In around nine short weeks I will have a tiny human that is all mine to love and raise. That is a beautifully terrifying endeavor. As I started to put books on the shelf for his or her room I realized how much literature shaped my own life and that if I want my child to have certain values or perspectives that maybe books are a good place to start. Here is my list of books that I will read to my child until s/he is old enough to read them on his or her own to help shape that character.
1. Little House in the Big Woods by Laura Ingalls Wilder
I consider this one of the most underrated children’s books. It is at least the most underrated book in the Little House series by the famed author and pioneer girl Laura Ingalls Wilder. As the first book in the series, this is where my love affair with main character, Laura’s tenacity and wanderlust began. It is pure and sweet and despite over 80 years in print and the events taking place almost 150 years ago, it still resonates with children everywhere.
2. Winnie the Pooh by A. A. Milne
I recently found a copy of an early edition at a church book sale and was simply overjoyed to hold it in my hands. I immediately remember my first grade teacher gathering us around the carpet to listen to a book that had also been one of her favorites as a child. This classic children’s tale teaches lessons of understanding and kindness in a way that continues to capture our imaginations and bring us back to simpler, softer places.
3. Island of the Blue Dolphins by Scott O’Dell
The paperback cover on my copy is now creased and torn from all the summers I would re-read this book. It captivated me much in the same way as the Little House series as I imagined every little detail of how a tool or task I had never witnessed was completed. It made me grateful for the safety of my home, while consistently making me question if I had what it took to survive on my own.
4. The Rainbow Fish by Marcus Pfister
Despite what some have called a socialist agenda, I find Rainbow Fish to be a beautifully illustrated reminder of the joys of sharing and giving to others. I look at the cover and remember the first time I heard the story at our public library, my crossed legs falling asleep, and then trying to make a rainbow fish of my own with construction paper and way too much paste.
5. Charlotte’s Web by E.B. White
I distinctly remember rushing through standardized testing one week in grade school knowing that if I finished a section I would be able to read. Fern and Wilbur were waiting beneath my desk and I just had to know what else was going to happen. You can never have too many childhood stories about friendship and sacrifice and Charlotte’s Web is a great one. Not to mention Charlotte had quite the vocabulary and helped boost mine.
6. Where the Sidewalk Ends by Shel Silverstein
Poetry has never really been my thing, but I remember lying on my bed with one of my parents before bedtime and getting to pick a few poems to read. Some were silly and some left me questioning and all of them taught me a new word or two. When I think fondly of poetry, it is always Shel Silverstein.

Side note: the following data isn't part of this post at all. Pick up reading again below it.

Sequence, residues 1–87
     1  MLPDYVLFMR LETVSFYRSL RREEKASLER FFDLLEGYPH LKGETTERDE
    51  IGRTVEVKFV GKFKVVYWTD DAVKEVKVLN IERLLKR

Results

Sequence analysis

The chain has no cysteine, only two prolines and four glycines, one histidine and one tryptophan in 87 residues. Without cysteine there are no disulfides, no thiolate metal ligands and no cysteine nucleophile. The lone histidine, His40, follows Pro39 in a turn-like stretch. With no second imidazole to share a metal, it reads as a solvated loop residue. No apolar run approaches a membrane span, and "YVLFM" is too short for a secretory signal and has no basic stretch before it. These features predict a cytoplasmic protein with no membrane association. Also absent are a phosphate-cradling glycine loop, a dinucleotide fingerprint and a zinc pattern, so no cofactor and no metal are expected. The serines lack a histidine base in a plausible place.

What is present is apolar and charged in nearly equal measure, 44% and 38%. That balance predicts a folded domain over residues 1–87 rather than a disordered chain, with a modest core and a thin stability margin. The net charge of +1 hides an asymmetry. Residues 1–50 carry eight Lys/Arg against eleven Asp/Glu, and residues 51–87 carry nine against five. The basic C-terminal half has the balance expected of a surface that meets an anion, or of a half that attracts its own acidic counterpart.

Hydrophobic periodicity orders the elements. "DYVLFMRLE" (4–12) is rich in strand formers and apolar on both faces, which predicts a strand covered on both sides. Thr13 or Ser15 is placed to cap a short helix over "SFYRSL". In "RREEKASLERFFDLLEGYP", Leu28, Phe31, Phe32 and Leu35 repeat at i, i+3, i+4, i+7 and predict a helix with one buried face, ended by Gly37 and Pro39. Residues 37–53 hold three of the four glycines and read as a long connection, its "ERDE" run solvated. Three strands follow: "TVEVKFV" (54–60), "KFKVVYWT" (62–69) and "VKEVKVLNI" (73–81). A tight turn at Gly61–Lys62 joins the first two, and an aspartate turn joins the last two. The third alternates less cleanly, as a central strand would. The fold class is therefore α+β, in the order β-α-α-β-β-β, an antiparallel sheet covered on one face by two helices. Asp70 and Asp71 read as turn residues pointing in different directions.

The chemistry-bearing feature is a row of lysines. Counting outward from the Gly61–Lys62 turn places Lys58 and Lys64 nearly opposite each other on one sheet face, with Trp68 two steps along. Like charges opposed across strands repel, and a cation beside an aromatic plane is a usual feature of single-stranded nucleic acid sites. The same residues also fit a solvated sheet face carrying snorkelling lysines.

7. The Giving Tree by Shel Silverstein
This is one of the first books I remember reading on my own. It had actually been a gift “from me” to my older brother upon my birth, but it found its way to my own bookshelf at some point. I remember feeling so sad for the tree and really taking the lesson to heart that we should be mindful of what we ask from others and also that giving of yourself can truly make you happy. As an adult, I also get reminded of the importance of self-care.
8. The Velveteen Rabbit by Margery Williams
I held my stuffed cow tight around the neck listening to this story and to be honest it makes me a little teary still. If you think ‘Toy Story 3’ is sad, here is the original. Although my child, like myself, will probably have no idea what scarlet fever is or why the bunny would need to be burned, we can all connect with having to give up something precious. The Velveteen Rabbit makes it a little easier to think about our loss being made into something beautiful.
9. Horton Hears a Who! by Dr. Seuss
“A person’s a person no matter how small” has proved time and time again to be a quote that eloquently explains so many emotions and principles of worth. I’m certain this story contributed to my love of elephants and passion for service. It’s so funny how a children’s story can be the perfect example of caring for your neighbors, those different from you, and those more vulnerable than you.
10. Beezus and Ramona by Beverly Cleary
I remember reading this book on my parents’ front porch swing in the springtime and connecting with every page. Time changes how generations grow up, but not so much that they can’t connect with some of our basic childhood issues of jealousy, frustration, and being or having a pestering sibling.
Photo credit: Giulia Bertelli
Latest posts by Gretchen Sprinkle (see all)
- The Problem With Dictating Fetus Personhood in a Tax Bill - December 11, 2017
- Why Women Are Tired and Men Are Happy - June 22, 2017
- Why I Won’t Leave My Crap State - June 7, 2017